11. TinEye Reverse Image Search
Type in the URL of an image or upload one of your own and TinEye will find similar images, how it is being used, if modified versions of the image exist, or if there is a higher resolution version. Provided by Idée Inc who also offer..
12. Multicolr Search Lab
Search 10 million Creative commons Flickr images by colour. You can specify more than one colour and click on a colour several times to increase its prominence within the image. You can easily click through to the original Flickr image to double check the license.
13 . Slidefinder
Ideal for locating individual presentation slides that contain your search terms. There is an Advanced Search that enables you to search specific areas of a slide for example title, text, notes. You can also limit your search to a university. There are browsable lists at the bottom of the page but they do not list every institution: there are only 47 for the UK. One workshop participant had been given a paper copy of a complex slide and it had taken her “ages” to find an electronic version. She had had to wade through hundreds of slides in presentations that had been identified by using the advanced filetype: ppt search. Slidefinder found it straight away.
14. Twitter search tools
Do not expect Google, Yahoo or Bing to carry out a reliable Twitter search. Use specialist search tools such as Twitter Search (http://search.twitter.com/), Twazzup (http://www.twazzup.com/), BackTweets (http://www.backtweets.com/) for tweets that refer to your content, Tweepz (http://www.tweepz.com/) for finding people and organisations on Twitter, and TwapperKeeper (http://www.twapperkeeper.com/) for archives of tweets on a conference hashtag or keyword.
15. Google custom search engine
Ideal for groups or collections of sites that you regularly search and use. Google CSE is very quick and easy to set up and can be hosted on Google. Two that had been set up by a workshop participant were a list of library associations worldwide and selected UK higher and further education web sites.
Tracking changes to web pages that do not themselves offer RSS or email alerts was not covered by the main part of the workshop but the question arose during one of the practical sessions. There is a list of some web based and downloadable programs and their features at Tracking Web Page Changes http://www.rba.co.uk/sources/monitor.htm . Watchthatpage (http://www.watchthatpage.com/) won the vote because it is free, web based and offers email alerts.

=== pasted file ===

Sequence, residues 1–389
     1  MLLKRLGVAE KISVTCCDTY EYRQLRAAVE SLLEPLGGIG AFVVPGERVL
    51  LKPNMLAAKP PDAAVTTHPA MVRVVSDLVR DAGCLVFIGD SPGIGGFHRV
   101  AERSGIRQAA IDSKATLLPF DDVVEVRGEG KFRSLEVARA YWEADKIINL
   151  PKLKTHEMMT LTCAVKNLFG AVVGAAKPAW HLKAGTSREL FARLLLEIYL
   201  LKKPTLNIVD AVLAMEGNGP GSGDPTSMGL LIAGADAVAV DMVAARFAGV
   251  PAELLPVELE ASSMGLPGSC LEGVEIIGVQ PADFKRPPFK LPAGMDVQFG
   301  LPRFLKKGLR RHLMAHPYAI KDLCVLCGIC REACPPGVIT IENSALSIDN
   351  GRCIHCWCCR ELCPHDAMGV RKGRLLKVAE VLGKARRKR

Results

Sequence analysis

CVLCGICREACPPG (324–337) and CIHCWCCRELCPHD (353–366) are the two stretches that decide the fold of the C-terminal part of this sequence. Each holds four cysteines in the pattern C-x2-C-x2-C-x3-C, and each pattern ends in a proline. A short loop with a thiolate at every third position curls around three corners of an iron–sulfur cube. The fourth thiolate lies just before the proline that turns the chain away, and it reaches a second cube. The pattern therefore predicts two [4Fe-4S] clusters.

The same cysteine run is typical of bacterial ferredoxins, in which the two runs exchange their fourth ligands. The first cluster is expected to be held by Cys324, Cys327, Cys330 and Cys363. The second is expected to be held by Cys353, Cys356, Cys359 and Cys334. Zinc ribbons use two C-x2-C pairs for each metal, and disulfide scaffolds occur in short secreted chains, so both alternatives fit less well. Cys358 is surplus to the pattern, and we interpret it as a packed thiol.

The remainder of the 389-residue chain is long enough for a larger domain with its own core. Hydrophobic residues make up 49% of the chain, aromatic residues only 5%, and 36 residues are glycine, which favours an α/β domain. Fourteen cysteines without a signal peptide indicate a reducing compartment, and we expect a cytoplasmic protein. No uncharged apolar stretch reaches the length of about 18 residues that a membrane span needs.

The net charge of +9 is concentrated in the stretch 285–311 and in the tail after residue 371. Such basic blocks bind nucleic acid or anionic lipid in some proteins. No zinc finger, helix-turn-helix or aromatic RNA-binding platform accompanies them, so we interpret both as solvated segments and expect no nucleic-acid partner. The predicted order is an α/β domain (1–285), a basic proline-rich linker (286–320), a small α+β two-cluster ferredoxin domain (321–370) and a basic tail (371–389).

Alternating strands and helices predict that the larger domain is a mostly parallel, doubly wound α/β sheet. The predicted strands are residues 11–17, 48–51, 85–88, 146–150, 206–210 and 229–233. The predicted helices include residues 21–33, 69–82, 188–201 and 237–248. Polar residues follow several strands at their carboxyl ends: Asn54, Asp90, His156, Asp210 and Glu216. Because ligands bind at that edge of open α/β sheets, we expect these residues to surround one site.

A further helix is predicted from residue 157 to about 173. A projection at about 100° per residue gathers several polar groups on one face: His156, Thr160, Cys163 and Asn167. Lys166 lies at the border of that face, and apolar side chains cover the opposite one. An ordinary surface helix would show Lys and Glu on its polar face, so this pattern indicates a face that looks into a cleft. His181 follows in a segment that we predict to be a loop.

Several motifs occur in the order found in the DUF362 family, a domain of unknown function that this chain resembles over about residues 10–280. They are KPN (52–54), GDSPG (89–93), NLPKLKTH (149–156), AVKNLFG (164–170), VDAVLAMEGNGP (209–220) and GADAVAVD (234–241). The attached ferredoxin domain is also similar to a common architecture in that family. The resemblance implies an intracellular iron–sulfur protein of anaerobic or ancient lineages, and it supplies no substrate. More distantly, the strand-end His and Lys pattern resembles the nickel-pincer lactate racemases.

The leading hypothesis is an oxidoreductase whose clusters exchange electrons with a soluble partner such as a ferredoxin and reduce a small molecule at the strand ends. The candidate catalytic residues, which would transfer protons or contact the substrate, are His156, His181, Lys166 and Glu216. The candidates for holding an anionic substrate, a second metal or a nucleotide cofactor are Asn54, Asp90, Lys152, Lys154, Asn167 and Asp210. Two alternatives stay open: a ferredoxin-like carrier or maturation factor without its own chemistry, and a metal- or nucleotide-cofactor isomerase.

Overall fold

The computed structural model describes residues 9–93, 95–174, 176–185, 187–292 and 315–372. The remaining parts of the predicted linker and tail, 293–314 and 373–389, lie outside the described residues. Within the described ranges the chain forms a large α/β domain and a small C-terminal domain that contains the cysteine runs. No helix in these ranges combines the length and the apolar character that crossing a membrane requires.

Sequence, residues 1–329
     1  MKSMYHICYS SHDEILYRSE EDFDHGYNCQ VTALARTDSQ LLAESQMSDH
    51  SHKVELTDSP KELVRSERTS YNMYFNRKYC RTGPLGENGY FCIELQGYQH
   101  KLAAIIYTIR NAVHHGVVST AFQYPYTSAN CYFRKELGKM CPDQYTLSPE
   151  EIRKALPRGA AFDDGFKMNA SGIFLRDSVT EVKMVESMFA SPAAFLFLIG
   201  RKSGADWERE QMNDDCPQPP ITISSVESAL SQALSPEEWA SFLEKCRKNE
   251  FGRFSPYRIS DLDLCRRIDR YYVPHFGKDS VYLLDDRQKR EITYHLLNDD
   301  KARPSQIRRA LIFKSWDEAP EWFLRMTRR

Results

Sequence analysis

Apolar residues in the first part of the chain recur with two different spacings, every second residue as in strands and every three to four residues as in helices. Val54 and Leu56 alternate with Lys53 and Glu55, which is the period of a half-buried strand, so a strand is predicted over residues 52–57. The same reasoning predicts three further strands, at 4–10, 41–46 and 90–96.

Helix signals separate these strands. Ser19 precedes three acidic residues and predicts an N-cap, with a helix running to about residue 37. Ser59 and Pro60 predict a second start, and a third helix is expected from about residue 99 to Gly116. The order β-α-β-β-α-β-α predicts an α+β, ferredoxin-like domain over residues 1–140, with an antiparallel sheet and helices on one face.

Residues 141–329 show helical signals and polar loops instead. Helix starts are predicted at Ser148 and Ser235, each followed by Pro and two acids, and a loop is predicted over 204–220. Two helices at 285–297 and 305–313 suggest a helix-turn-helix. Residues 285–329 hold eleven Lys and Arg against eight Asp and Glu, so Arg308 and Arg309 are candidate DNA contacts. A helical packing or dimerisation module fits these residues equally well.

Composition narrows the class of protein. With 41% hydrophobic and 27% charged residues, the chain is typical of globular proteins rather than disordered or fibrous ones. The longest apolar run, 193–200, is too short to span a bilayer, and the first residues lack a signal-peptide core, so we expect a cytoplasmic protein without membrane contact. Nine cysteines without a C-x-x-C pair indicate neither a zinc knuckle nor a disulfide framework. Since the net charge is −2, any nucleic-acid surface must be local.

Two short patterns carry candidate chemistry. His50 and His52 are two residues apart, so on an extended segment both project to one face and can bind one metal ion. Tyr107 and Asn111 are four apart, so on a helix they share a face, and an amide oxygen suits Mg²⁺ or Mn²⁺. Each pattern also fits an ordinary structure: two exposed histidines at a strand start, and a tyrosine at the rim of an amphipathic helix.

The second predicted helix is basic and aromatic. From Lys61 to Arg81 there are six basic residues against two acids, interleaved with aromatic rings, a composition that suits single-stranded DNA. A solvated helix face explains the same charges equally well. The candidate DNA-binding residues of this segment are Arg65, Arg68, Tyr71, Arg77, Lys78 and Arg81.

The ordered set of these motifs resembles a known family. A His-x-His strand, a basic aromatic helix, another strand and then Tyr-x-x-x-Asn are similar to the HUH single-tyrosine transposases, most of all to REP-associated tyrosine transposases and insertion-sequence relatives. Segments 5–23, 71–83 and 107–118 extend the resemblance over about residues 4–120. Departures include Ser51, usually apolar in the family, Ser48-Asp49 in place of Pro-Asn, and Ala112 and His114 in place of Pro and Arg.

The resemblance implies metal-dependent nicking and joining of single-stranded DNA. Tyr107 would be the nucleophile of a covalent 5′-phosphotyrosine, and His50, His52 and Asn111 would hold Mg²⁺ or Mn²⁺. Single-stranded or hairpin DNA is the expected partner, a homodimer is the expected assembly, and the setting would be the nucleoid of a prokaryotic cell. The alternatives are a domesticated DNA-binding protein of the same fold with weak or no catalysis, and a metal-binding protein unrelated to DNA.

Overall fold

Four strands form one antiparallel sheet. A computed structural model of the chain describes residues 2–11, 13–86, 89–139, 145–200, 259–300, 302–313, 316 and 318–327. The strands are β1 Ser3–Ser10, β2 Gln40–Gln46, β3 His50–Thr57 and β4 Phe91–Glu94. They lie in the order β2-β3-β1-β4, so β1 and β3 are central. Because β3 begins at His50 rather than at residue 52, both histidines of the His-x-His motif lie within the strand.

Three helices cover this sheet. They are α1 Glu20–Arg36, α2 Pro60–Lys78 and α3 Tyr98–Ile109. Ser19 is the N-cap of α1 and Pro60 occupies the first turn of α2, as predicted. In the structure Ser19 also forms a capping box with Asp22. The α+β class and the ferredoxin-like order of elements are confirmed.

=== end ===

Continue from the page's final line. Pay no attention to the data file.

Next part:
“Capture anything… Type a text note. Clip a web page. Snap a photo. Grab a screenshot. Evernote will keep it all safe.”. I don’t use this myself but it had several fans in this organisation. ( I use Firefox add-on Scrapbook to do a similar thing).
18. Add-ons for Firefox
If you are a Firefox user explore the many add-ons that are available to make searching and managing information easier. For example Feedly (https://addons.mozilla.org/en-US/firefox/addon/8538/) to organize your favourite sources into a magazine-like start page; Scrapbook (https://addons.mozilla.org/en-US/firefox/addon/427/) to save and organize web pages; and Optimize Google (https://addons.mozilla.org/en-US/firefox/addon/52498/) for customizing your Google searches and results.
19. Don’t re-invent the wheel – re-use and share
As well as images, many presentations have Creative Commons licenses and their authors are often happy for you to re-use slides from them as long as you acknowledge the source and do not incorporate them into a product or service that you then sell. Slideshare.net is a good starting point but do check the license to confirm what you can and cannot do with the content – not all are CC. Also, consider assigning a CC license to your own photos and presentations. The Creative Commons web site (http://creativecommons.org/choose/) can help you decide which one to use.
20. Time to explore
There was time to explore new techniques and tools during the workshop but it is not so easy to try out, for example, a new option on Google when you are back in the office and an enquirer wants that result NOW! Try and incorporate some “play time” into your schedule so you can keep up with new developments, even if it is just 10 minutes a week.